A recent congressional report found dangerous levels of arsenic and other heavy metals in baby food, raising concerns and questions from parents.

The U.S. House of Representative’s Economic and Consumer Policy Committee on Oversight and Reform requested internal documents and test results from seven of the largest U.S. manufacturers of baby food, including both makers of organic and conventional products. Only four companies responded: Nurture, Beech-Nut, Hain and Gerber.

According to the report, “The internal company documents and test results show commercial baby foods are tainted with significant levels of toxic heavy metals, including arsenic, lead, cadmium, and mercury.”

Inorganic arsenic, lead, cadmium and mercury are toxic heavy metals. All four are natural components in the Earth’s crust. They are released into the environment as pollution and get into the water and soil used to grow food. The Food and Drug Administration and the World Health Organization have declared them dangerous to human health, particularly to babies and children.

“I think it’s important for parents not to panic based on this new information about food safety,” says Dr. Pilar Bradshaw. “It’s better to look at it as ‘What can I do to help my baby be healthier?’”

Reducing the risk of exposure

The American Academy of Pediatrics (AAP) says heavy metals found in baby foods are likely a relatively small part of the overall heavy metal exposure risk to children. However, because exposure can be harmful to a developing brain, there are things parents can do to reduce their baby’s risk.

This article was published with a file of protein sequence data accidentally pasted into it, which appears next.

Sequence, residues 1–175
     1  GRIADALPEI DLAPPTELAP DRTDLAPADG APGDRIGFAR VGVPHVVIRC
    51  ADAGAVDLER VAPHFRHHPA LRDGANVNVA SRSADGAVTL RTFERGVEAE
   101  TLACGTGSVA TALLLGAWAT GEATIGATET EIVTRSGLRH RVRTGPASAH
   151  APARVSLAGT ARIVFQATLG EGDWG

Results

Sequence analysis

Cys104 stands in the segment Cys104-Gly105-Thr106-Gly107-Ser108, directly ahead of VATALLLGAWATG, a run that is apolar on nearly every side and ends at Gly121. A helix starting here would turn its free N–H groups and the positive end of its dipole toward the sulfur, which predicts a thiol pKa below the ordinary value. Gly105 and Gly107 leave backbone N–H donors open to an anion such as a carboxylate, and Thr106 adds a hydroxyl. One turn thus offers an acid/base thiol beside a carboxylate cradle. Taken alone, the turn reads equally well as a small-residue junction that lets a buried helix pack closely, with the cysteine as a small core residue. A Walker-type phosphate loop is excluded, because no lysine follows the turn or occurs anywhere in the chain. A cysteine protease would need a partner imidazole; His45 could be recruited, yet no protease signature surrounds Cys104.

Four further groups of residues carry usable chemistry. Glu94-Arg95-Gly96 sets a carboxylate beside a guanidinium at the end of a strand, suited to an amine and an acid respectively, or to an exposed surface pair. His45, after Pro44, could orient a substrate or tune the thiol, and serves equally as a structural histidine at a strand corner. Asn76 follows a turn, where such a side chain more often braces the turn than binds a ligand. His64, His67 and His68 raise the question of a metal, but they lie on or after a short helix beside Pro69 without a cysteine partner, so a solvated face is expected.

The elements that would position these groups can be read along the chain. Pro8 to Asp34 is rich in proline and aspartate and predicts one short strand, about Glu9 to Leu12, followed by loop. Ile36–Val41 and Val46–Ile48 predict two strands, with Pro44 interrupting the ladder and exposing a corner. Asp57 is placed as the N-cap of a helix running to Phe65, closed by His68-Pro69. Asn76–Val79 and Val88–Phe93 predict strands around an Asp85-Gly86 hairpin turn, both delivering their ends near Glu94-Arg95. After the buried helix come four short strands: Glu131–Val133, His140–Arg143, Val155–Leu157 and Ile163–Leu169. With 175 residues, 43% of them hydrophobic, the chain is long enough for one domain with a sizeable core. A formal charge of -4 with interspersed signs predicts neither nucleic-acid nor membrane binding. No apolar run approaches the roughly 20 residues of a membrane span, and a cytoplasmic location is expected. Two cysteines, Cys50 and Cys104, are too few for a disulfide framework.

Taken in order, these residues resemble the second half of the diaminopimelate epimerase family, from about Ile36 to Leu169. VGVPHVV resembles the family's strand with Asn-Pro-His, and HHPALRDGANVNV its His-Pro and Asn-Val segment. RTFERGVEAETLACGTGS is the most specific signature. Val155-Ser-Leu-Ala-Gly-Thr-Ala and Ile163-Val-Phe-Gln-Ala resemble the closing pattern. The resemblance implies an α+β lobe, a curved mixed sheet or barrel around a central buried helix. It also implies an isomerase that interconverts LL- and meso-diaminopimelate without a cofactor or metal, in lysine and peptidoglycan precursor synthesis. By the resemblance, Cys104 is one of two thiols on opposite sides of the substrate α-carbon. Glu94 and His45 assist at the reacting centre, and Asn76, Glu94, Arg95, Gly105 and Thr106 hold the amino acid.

The AAP advises switching up the grains you feed your child.

“Try to avoid foods that we know contain more heavy metals, such as rice, which has arsenic in it because arsenic is in the water where the rice grows,” says Dr. Bradshaw.

Instead of rice cereal, try iron-fortified infant cereals made from oats, barley and multi-grains. Brown rice tends to have the highest arsenic levels, while white basmati and sushi rice tends to have lower levels. When making rice from scratch, rinse it first, then cook it in extra water and drain off the excess when done.

The AAP also recommends that concerned parents:

  • Serve babies a variety of foods.
  • Consider making baby food from scratch to limit exposure from processing and packaging.
  • Breastfeed, if possible, instead of formula feeding.
  • Check your water. Arsenic can contaminate well water and older pipes may contain lead. If this is a concern, contact your county’s Health and Human Services Department to have your water tested.
  • Don’t smoke or vape. This can expose children to cadmium and lead that is present in second-hand smoke; and heavy metals from vape coils can get into the air and be inhaled by others.

“Parents may be wondering, ‘Should I have my baby tested for heavy metals in their body?’ A pediatrician’s answer is going to be ‘no,’” says Dr. Bradshaw. “We don’t routinely recommend that unless there’s a really bonafide exposure. Lead exposure is something that pediatricians screen for at times, and we can test for serum lead levels. Again, overall, we don’t want you to panic based on this recent information about baby foods. Just make some really smart choices about how you feed your baby.”

If you have questions or concerns about heavy metals exposure in your child, talk with your pediatrician.